Social studies, English and Math to combat inequality

Posted on Tuesday, August 20, 2019

Group of Students walking

When young people see vast disparities separating individuals in society and the opportunities available to them, their frustration can pose a fundamental challenge to the institutions of democratic government.

If they do not know how to participate in these institutions in ways that solve these problems, they will simply invest their interest and energy elsewhere. That can also mean these governing structures begin to function with little public attention or oversight, leading them to evolve in unexpected and dangerous ways. This was how Germany democratically elected a Nazi government that turned into one of the most repressive and destructive regimes of all time.

That disaster may belong to a different century, but its implications remain very much with Joel Westheimer, a professor in the Faculty of Education. His 2015 book, What Kind of Citizen?, begins with an image of himself and his mother standing on the same Frankfurt station platform where in 1938 she had boarded a train to safety in Switzerland to become the only member of her family who would survive the ensuing war. As personal as this tragedy may be, he also regards it as an enduring failure of democracy and a pointed reminder of how perceptions of inequality can undermine a system that is supposed to offer people the same status in the eyes of law and government.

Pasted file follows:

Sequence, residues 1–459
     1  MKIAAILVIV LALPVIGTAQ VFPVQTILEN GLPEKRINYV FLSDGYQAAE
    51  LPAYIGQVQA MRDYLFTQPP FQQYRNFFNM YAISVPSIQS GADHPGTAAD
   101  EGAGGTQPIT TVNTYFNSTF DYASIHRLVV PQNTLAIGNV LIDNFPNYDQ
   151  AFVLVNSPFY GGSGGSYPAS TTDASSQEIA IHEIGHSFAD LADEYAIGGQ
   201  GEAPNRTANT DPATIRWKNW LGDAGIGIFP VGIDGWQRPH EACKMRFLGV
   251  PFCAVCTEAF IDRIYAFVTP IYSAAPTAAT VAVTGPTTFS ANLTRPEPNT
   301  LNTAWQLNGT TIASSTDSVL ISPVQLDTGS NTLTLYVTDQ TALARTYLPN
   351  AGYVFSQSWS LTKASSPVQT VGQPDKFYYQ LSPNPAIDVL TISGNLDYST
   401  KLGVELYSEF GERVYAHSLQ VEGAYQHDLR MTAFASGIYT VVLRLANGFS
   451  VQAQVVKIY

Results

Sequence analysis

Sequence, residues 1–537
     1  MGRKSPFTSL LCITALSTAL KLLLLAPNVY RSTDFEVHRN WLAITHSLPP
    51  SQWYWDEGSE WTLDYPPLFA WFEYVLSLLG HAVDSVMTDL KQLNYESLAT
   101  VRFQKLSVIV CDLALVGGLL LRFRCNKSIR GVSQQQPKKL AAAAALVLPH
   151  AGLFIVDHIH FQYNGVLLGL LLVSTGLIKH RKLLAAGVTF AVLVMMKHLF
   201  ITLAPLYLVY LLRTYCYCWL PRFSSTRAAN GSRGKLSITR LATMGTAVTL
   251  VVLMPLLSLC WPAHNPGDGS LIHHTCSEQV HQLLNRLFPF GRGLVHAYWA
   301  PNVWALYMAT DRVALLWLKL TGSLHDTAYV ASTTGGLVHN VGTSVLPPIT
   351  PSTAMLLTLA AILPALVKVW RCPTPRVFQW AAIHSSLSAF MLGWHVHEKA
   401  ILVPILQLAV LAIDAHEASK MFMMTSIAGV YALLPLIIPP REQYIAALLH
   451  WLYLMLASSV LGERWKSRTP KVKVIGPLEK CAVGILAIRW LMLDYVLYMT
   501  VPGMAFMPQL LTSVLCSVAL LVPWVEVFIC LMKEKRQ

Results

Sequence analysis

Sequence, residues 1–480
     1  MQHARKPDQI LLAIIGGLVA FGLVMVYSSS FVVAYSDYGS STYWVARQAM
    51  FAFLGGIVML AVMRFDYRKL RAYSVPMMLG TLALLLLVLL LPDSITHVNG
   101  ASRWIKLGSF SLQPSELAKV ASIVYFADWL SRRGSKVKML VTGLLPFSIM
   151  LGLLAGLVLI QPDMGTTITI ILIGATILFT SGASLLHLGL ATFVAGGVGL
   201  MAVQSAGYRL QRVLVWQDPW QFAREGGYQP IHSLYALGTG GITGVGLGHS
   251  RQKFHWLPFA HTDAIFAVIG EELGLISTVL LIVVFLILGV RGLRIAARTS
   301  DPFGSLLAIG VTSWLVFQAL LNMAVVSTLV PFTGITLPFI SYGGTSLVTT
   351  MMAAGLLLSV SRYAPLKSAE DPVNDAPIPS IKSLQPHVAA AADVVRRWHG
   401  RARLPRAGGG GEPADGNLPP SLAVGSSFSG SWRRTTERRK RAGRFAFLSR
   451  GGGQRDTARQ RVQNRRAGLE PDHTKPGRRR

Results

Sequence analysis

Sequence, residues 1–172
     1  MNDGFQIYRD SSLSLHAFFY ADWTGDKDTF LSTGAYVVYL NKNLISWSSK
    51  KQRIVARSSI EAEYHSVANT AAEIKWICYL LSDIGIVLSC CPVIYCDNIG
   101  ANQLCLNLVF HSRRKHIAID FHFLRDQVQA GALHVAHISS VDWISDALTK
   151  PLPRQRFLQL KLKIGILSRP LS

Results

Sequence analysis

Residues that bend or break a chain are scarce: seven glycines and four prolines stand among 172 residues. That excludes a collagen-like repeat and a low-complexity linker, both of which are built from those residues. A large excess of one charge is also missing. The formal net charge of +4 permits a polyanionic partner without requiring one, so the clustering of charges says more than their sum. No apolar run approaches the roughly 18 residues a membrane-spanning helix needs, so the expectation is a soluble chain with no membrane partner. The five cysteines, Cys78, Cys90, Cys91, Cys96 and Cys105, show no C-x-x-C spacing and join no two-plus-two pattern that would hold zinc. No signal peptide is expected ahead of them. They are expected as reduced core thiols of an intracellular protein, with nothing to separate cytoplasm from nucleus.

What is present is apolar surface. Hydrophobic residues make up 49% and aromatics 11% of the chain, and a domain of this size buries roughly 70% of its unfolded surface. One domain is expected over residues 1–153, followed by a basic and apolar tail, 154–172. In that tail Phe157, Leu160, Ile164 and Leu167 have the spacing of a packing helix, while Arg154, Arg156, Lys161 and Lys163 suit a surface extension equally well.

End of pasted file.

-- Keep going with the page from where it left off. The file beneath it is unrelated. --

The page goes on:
Westheimer has spent much of his academic career exploring the role that education plays in the success of democratic government. This concept was celebrated by the leaders of the American revolution, who saw its success as being dependent on citizens knowledgeable enough to manage their own affairs.

Read the Gazette article Social studies, English and Math to combat inequality to learn more.

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